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Unconventional Shale Gas Reservoir Characterization at Sub-seismic Resolution Using Rock Property Modeling and 3D Seismic Inversion – The Mapping of Marl Rich Mudflows in the Horn River Basin

Claire Pierard, Hardeep Jaglan, Kristoffer Rimaila, Arnaud Huck, Friso Brouwer, Steve Jensen, and Eric von Lunen



In unconventional reservoirs the occurrence of marls is a significant risk to production, and a major challenge is locating and quantifying them. Marl thickness can be below seismic resolution, so advanced characterization techniques are required. Stochastic inversion of seismic can be an efficient method to predict key rock properties, such as lithofacies variability. This approach is based on a comparison of real and synthetic seismic data. By creating a large set of 1D Earth models (pseudo-wells) derived from real wells, a 3D seismic inversion can predict marl distribution and percentage, thus improving reservoir delineation and enhancing well placement.


The Otter Park Formation of the Horn River Basin, northeastern British Columbia, Canada, is an unconventional reservoir that holds a significant amount of self-sourced gas trapped in a tight shale lithofacies. The shale succession presents slow lateral variations in terms of thickness and rock properties (Gal and Jones, 2003) and some wells have encountered marly laminated mudstone deposits encased in the shales. These marl deposits constitute lean non-reservoir zones which reduce anticipated reserves and therefore need to be mapped. An additional complicating factor is that the individual thicknesses of the marl units are below seismic resolution, i.e no individual seismic event can be uniquely attributed to the presence of marl.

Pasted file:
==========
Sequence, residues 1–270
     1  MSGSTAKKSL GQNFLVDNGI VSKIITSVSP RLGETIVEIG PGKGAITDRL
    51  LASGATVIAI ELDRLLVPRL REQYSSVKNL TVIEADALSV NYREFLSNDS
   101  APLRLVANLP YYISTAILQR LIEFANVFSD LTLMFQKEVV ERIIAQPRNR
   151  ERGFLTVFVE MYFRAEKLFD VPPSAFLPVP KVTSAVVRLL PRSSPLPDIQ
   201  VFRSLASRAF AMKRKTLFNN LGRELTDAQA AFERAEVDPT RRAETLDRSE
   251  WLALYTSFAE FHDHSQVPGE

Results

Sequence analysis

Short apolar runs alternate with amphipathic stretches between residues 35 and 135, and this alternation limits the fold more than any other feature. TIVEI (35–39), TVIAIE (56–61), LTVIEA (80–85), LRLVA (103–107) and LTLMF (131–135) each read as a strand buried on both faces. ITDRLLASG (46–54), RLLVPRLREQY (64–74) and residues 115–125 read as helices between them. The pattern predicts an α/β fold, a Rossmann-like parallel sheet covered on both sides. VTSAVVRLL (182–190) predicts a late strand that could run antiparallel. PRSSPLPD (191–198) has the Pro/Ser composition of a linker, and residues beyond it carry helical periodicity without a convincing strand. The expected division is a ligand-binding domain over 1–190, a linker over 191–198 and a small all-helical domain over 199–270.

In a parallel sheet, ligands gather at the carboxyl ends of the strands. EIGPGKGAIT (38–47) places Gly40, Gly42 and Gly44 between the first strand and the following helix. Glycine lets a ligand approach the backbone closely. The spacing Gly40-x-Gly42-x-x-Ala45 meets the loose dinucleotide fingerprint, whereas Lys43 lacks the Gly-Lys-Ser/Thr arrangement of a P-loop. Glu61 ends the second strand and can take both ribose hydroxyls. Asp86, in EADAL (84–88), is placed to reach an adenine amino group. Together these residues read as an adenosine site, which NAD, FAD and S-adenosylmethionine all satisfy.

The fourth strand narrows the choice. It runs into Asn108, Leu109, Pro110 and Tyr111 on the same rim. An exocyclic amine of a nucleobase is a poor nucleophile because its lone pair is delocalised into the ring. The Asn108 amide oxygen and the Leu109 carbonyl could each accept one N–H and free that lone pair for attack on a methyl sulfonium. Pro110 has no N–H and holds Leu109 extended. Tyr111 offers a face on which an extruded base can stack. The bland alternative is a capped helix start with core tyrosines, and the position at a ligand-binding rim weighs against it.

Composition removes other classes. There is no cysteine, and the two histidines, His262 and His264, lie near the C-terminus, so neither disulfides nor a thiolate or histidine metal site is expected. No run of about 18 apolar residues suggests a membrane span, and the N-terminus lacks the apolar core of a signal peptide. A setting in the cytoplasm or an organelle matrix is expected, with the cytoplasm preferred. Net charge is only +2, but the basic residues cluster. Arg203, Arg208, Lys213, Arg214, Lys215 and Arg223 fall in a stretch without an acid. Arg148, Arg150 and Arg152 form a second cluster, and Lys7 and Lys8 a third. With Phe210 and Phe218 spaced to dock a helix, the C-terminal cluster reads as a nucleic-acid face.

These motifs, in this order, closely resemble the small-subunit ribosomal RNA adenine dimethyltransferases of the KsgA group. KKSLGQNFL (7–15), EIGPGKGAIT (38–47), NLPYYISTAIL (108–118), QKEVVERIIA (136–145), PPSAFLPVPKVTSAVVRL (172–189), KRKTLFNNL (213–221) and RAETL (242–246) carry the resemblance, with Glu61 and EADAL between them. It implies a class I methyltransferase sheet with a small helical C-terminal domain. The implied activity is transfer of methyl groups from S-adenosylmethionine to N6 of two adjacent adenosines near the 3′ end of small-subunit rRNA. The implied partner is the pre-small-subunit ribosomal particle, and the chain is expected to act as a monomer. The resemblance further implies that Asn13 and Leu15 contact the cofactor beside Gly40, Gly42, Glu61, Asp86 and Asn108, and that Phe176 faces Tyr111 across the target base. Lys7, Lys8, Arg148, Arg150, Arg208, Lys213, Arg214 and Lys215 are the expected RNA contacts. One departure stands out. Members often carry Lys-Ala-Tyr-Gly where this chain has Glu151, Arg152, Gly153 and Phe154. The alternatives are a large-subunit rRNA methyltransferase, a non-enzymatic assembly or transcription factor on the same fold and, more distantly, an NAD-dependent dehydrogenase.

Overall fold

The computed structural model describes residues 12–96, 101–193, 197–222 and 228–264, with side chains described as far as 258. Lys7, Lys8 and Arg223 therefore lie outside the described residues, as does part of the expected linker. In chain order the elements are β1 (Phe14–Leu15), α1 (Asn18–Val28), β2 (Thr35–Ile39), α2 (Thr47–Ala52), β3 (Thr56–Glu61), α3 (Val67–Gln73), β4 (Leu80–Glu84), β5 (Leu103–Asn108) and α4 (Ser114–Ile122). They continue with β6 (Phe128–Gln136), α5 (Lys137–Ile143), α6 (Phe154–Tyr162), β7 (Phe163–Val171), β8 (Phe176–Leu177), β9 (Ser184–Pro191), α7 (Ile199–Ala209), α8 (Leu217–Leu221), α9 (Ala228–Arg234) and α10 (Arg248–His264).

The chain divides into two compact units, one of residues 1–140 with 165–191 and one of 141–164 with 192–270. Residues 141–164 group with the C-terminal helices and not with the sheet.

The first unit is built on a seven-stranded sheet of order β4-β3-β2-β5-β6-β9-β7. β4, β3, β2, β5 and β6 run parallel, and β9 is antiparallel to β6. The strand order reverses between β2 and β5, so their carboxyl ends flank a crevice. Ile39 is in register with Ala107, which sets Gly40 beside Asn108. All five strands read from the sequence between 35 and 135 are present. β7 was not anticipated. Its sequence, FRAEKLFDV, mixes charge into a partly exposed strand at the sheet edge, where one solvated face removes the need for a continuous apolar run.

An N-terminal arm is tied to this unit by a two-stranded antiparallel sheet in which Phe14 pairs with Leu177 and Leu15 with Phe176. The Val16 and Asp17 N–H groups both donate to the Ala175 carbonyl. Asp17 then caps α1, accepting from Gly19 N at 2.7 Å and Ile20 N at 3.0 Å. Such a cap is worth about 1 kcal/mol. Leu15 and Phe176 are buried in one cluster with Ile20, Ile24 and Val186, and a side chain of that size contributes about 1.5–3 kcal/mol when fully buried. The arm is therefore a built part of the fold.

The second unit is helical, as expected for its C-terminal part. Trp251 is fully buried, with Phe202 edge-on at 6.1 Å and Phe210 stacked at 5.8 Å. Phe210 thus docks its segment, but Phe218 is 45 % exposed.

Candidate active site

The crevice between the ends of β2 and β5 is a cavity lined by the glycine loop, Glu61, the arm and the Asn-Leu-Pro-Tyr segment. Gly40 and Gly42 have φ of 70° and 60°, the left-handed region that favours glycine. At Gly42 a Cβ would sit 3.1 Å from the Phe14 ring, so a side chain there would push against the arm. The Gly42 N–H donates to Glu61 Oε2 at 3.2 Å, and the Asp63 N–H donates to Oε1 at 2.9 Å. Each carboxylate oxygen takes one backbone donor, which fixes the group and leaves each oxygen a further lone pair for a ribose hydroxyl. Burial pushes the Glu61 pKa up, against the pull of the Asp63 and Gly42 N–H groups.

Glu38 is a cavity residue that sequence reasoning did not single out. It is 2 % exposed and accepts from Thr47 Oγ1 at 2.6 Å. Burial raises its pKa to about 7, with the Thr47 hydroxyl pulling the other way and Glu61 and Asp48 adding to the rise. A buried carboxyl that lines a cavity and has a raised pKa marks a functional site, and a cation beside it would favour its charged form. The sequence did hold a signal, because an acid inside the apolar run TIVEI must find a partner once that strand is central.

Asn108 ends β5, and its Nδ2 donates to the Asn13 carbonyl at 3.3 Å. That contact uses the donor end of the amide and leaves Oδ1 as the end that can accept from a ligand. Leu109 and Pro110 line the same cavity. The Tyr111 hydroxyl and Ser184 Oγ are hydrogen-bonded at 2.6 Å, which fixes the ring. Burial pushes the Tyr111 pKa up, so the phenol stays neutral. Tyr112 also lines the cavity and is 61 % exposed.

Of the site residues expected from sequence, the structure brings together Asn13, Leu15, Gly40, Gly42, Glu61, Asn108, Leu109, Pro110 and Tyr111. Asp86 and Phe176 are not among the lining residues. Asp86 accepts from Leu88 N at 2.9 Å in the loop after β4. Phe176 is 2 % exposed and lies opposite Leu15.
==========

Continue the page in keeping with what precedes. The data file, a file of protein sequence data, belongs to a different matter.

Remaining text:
However, the elastic properties of the marls are sufficiently different from the encasing shales to cause measurable effects in the composite seismic reflection response. This is the key to their identification using the HitCube rock property prediction workflow. The HitCube is a geologically-driven stochastic inversion method that works well in areas with limited well control. The method takes into account non-unique solutions and outputs rock property probability volumes with associated uncertainties.

AAPG Search and Discovery Article #90205 © AAPG Geoscience Technology Workshop, Permian and Midland Basin New Technologies, September 4-5, 2014, Houston, Texas